01364-A: Heat shock protein 72 (HSP72) as a biomarker for acclimation to, and performance in high level physical activity in pure-bred military working dogs

Grant Status: Closed

Grant Amount: $12,000
Dr. Yaron Bruchim, D.V.M., Hebrew University of Jerusalem
November 1, 2009 - December 31, 2011
Sponsor(s): Scottish Terrier Club of America
Breed(s): German Shepherd Dog, Belgian Malinois
Research Program Area: Prevention

Abstract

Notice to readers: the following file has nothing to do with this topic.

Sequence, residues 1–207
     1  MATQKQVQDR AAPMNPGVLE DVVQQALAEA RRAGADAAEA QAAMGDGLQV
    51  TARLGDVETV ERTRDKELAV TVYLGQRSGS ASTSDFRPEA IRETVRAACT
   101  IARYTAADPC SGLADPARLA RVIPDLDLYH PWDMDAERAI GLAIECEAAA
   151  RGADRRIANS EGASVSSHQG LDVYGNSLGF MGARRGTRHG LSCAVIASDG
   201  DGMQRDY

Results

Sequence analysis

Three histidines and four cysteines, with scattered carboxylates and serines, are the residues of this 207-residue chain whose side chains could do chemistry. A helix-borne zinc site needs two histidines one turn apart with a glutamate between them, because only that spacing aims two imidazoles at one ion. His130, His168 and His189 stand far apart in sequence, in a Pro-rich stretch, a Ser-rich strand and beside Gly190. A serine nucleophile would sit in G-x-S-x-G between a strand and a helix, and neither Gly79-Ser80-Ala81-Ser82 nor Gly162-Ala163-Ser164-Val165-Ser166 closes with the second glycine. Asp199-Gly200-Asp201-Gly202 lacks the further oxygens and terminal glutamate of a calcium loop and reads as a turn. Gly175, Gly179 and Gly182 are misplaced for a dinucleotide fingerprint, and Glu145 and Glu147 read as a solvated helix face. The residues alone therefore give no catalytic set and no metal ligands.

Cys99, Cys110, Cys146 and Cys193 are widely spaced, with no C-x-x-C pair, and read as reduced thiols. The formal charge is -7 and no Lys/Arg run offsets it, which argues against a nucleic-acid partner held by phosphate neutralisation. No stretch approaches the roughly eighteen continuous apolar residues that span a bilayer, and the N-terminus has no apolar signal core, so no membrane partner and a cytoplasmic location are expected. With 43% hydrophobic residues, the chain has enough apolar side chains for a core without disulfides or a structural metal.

Heat stroke (HS) is a devastating condition in both humans and companion animals, with reported death rates of 5% and 50%, respectively. Classical (environmental) heat stroke occurs when an animal or person are exposed to high environmental temperatures, such as when it is inadvertently locked in an unventilated vehicle. Exertional heat stroke occurs when an animal or person performers strenuous exercise, especially under heat stress. The Israel Defense Force Military Working Dog Unit (IDFMWDU) contains a majority of pure-bred Belgian malinois dogs imported periodically from Western Europe, where the combination of temperature and humidity, collectively termed heat stress are significantly lower than in Israel. Upon arrival, these dogs engage in a gradual training period with progressively increasing physical exercise, during which they are exposed to heavy heat stress. Although all dogs have a similar age, are the same breed, and are trained under identical conditions, some develop HS, while others do not. It has been previously shown that individuals have a genetic susceptibility for developing HS. The ability to test for this genetic susceptibility may prove itself useful in the selection of both canines and soldiers for military jobs with high risk for heat stroke, and aid in the prevention of this condition. Heat shock protein 72 (HSP72) is a protein that is induced in the body under conditions of increased heat stress. The purpose of our study is to investigate whether this protein can be used as a predictor for individual susceptibility to develop heat stroke in military working dogs.

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